Metro increases fares, extends hours
Students taking the Metro after July 1 will pay higher fares but enjoy longer service hours, city transportation officials said Thursday.
The Metro Board Budget Committee, facing a $48 million budget deficit, increased the basic boarding fare by 10 cents and the maximum fare by 35 cents, said Lisa Farbstein, a Metro public affairs officer.
The basic fare is for trips up to three miles, while the maximum fare is for trips greater than three miles, according to the Metro Web site. Rush hour fares will also change accordingly. A Metro trip from Foggy Bottom to Pentagon City will now cost $1.20, up from $1.10, while a trip to Shady Grove will cost $3.60, up from $3.25.
On Friday and Saturday nights, the Metro will close at 3 a.m., and will open on Saturday and Sunday mornings at 7 a.m. Currently the Metro closes at 2 a.m. on Friday and Saturday nights and opens at 8 a.m. Saturday and Sunday mornings.
“Party Animals” find a permanent home
Fifteen “Party Animal” sculptures are coming out of hibernation this spring after the D.C. Commission on the Arts and Humanities chose the animals’ permanent homes last week.
The sculptures, holdovers from a fall auction that saw more than 200 donkeys and elephants sold to public and private bidders, are being donated to federal buildings and places that could not afford to participate in the auction, The Washington Post reported.
The animals can be found at the entrances of D.C. public school headquarters, the Martin Luther King Jr. Memorial Library and the Washington Convention Center, The Post reported.
The animals are being temporarily displayed in 2000 Pennsylvania Ave. while the committee made its decision.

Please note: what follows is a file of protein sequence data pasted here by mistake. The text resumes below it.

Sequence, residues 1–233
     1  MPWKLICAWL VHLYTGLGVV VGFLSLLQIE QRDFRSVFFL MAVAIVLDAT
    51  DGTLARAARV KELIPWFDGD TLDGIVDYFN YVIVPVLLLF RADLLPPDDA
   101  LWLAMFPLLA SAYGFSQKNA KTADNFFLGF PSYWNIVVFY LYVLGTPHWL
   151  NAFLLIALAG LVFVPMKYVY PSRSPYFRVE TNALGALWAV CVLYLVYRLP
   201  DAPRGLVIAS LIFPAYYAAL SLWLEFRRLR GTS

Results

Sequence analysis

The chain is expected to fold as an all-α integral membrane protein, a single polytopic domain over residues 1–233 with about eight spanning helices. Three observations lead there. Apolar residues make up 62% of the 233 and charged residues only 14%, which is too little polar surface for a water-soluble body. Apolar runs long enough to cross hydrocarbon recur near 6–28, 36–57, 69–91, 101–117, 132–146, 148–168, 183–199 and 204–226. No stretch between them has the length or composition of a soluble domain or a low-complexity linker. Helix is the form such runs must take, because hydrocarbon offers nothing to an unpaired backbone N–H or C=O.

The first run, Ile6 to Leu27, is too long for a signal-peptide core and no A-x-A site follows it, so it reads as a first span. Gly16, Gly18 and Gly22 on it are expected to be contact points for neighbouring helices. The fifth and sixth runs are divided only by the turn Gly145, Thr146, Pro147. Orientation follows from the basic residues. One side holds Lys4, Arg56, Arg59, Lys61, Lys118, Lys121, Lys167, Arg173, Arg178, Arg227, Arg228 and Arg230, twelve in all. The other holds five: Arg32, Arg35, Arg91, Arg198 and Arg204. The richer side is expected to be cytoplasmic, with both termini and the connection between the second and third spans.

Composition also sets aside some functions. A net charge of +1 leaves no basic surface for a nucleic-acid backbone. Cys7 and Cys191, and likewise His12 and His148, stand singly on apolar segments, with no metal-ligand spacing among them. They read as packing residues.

White House, Capitol reopen doors
District tourists and others will once again be able to visit the U.S. Capitol after it reopened its doors to tours last week.
Rep. Bob Ney (D-Ohio), chairman of the Committee of House Administration, said the decision to reopen the building comes after the lowering of the terrorist threat level and the cessation of hostilities in Iraq, The Washington Post reported.
“I am particularly pleased that we can make this announcement at the height of the busy spring tourist season,” Ney told The Post.
The White House, also closed to visitors during the heightened alert, resumed its tours for school, youth, military and veterans’ groups last week, the Post reported.
On March 20, as the campaign in Iraq began, ticketed tours were suspended indefinitely, although staff-led tours continued at the Capitol, The Post reported.
Delegate Eleanor Holmes Norton (D-D.C.), a member of the Select Committee on Homeland Security, has proposed the creation of a task force that would explore ways to make the city more accessible to tourists during elevated terror alerts.